This is shortly after they started. They look so little. Isaak's now almost 11, and Mica's 13 and 1/2. Mica's taller than I am, and growing an unfortunate mustache.
The head of the program really likes our boys.
We've gone back and forth from loving the program, to thinking our boys don't fit or raise questions about how it's run (the staff has high turnover because it's Saturday nights), and back to loving it again.
Truth is, I love our one night a week without the boys, how they get a taste of being the few white boys among many dark skinned kids, how they can pass on their leadership skills to those that struggle with them, how they made Isaak research a different culture each week, talk about budgeting, and want Mica to work for them when he's old enough.
It's a nonprofit organization, so we always have to fill out paperwork on our kid's behavior. It's hard because Mica's been in the program, but we've struggled with him because he's in the thick of puberty. He's a good student, and we have our good days, but he's not a task/hands on kid. That's where we struggle.
Isaak took a break due to basketball, and he's been great at home.
Their paperwork probably wasn't all that they wanted it to be. The program hasn't made Mica better. In fact they think he's great. Ask him to do the dishes at home, and it's a struggle.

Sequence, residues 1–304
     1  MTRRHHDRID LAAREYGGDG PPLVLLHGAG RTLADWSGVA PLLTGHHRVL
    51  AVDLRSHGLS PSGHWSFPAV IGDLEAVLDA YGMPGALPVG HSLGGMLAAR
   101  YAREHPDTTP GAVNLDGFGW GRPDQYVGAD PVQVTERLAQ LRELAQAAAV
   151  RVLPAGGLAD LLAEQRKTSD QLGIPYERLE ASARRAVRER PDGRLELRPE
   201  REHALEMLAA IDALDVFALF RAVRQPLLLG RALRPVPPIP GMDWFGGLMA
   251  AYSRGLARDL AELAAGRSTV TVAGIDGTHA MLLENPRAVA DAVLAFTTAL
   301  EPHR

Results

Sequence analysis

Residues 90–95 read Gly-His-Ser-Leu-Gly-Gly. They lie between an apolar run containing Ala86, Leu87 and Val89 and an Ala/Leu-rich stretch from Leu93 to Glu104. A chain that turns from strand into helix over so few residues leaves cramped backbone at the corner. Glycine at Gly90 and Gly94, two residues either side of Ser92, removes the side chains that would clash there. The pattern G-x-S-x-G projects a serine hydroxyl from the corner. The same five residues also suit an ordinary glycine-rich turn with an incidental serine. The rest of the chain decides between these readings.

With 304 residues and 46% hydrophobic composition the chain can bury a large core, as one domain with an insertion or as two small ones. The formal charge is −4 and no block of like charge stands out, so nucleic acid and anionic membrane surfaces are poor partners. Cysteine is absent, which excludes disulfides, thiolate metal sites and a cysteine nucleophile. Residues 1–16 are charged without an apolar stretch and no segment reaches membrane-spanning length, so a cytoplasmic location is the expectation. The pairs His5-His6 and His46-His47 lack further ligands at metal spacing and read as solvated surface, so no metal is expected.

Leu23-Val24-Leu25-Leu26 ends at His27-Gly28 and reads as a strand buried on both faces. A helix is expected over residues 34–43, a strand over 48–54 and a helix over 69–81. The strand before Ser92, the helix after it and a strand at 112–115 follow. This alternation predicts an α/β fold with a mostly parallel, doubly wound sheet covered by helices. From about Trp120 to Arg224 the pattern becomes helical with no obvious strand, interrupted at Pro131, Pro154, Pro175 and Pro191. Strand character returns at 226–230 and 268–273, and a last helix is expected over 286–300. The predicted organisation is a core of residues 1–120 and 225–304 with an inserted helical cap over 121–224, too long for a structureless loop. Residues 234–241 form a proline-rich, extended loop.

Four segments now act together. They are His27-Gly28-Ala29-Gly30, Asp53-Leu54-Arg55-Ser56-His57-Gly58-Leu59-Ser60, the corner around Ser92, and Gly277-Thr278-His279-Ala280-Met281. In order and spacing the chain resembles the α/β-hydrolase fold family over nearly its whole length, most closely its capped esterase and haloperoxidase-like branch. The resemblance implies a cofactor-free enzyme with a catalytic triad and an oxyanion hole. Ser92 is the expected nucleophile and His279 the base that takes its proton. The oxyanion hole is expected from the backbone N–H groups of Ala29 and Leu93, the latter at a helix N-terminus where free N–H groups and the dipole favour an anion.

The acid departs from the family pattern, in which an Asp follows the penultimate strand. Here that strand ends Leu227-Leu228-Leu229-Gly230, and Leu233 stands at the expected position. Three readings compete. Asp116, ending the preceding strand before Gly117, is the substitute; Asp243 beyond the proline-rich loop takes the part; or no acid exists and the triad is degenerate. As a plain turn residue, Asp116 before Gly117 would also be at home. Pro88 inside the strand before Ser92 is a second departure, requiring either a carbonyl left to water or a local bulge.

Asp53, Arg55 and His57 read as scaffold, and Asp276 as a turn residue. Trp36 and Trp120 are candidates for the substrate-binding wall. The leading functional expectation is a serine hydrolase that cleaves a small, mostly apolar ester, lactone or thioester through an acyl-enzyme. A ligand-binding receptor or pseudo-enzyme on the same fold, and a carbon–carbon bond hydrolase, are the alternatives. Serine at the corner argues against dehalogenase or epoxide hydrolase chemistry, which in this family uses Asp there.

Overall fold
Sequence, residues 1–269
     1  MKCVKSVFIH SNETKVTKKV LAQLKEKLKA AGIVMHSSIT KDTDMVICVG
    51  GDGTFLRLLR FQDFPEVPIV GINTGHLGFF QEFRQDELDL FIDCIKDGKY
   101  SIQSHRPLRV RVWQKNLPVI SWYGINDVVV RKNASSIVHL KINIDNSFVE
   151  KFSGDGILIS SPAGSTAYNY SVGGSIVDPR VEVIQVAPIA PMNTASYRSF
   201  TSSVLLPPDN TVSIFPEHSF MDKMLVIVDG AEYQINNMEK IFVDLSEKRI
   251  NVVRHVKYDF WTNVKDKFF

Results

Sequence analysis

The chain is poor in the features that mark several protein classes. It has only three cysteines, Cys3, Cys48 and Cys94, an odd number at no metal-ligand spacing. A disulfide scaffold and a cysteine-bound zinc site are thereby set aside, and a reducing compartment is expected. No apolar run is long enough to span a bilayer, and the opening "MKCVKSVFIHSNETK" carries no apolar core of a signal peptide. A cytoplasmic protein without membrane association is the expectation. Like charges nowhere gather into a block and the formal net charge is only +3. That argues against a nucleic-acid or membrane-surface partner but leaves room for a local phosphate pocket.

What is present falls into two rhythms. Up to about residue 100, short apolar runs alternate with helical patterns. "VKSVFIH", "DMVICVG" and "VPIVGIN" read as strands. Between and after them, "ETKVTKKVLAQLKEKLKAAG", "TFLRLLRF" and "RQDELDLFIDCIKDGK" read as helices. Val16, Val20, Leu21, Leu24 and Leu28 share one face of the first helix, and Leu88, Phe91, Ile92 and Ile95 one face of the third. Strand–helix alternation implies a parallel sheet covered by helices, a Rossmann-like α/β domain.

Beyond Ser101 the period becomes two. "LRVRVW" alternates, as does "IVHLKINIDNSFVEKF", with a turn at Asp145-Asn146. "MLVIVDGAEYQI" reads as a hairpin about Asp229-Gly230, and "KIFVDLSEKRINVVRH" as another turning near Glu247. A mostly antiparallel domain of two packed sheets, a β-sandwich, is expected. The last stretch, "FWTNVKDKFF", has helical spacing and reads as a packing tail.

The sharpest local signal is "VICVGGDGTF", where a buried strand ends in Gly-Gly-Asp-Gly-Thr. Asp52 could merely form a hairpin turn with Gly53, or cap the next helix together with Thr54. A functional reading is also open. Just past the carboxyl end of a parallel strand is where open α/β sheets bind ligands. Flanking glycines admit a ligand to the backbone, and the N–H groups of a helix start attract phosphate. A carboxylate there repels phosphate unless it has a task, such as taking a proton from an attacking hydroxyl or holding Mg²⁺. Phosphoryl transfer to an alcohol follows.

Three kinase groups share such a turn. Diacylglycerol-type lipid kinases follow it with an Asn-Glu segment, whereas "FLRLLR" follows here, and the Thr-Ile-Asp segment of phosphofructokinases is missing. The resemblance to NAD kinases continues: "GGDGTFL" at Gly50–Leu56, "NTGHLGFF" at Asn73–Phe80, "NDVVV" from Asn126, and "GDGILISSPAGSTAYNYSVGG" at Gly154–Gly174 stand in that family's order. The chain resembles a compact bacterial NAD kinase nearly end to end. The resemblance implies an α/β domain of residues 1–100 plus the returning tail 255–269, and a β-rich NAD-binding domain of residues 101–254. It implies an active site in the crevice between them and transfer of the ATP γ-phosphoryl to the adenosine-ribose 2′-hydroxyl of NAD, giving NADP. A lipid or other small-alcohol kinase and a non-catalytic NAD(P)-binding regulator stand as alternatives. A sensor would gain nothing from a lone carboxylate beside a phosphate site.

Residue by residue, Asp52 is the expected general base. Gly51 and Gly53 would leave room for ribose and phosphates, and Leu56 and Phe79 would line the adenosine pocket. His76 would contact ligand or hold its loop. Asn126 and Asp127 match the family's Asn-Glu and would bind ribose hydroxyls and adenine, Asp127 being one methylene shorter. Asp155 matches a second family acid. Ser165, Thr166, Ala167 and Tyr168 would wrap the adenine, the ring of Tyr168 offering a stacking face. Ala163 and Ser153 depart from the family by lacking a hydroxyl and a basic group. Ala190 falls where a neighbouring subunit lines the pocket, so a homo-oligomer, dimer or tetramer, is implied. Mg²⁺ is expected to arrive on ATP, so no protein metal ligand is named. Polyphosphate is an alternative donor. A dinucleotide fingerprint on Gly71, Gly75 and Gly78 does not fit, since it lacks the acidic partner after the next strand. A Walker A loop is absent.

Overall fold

We had a family night, which we all hadn't been there for awhile.
On With the White Boy Privilege:
We gathered to eat dinner, for family night.
I had donated slotted spoons to the organization because the older team leaders that are just slightly older than Mica would serve the wet green beans with regular spoons.
Mica said, "The bread is soggy, and the chicken is sloppy."
Isaak just wouldn't eat.
I said, "What's wrong? You always eat your food. A little slow, but you still eat it."
Isaak said, "Mom I can't eat chicken that looks like that! It has the bones showing!"
I said, "What can I tell you? Chicken looks that way. I just get it boneless skinless because it's easier, and doesn't stink up the trash."
Isaak said, "Mom I can't eat food that has the skeleton showing!"
Travis said, "I'll eat it! Why won't you eat your green beans Isaak?"
Isaak rolled his eyes.
I said, "Because they aren't fresh green beans like I make. They are canned green beans. My guess is, is that he won't eat his fruit cup, or plain bread either. The fruit is in a liquid. He's used to fresh fruit. He's used to having jelly, jam, honey, or peanut butter on his bread."
I was right! Isaak went without eating.
I said, "What are you going to do when they start the new tier you're going to be in?"
Isaak said, "Eat before I go."
I said, "I don't think so. You're just going to have to get used to chicken on the bone."
Travis said, "I think we'll be buying that way, so he can get used to it."
I never really thought much about being privileged as much as I did that night. I have to admit that "Skeleton Showing" on his chicken is pretty funny. We're middle class, but I certainly feel privileged when we're there.
Is there a time where you felt privileged?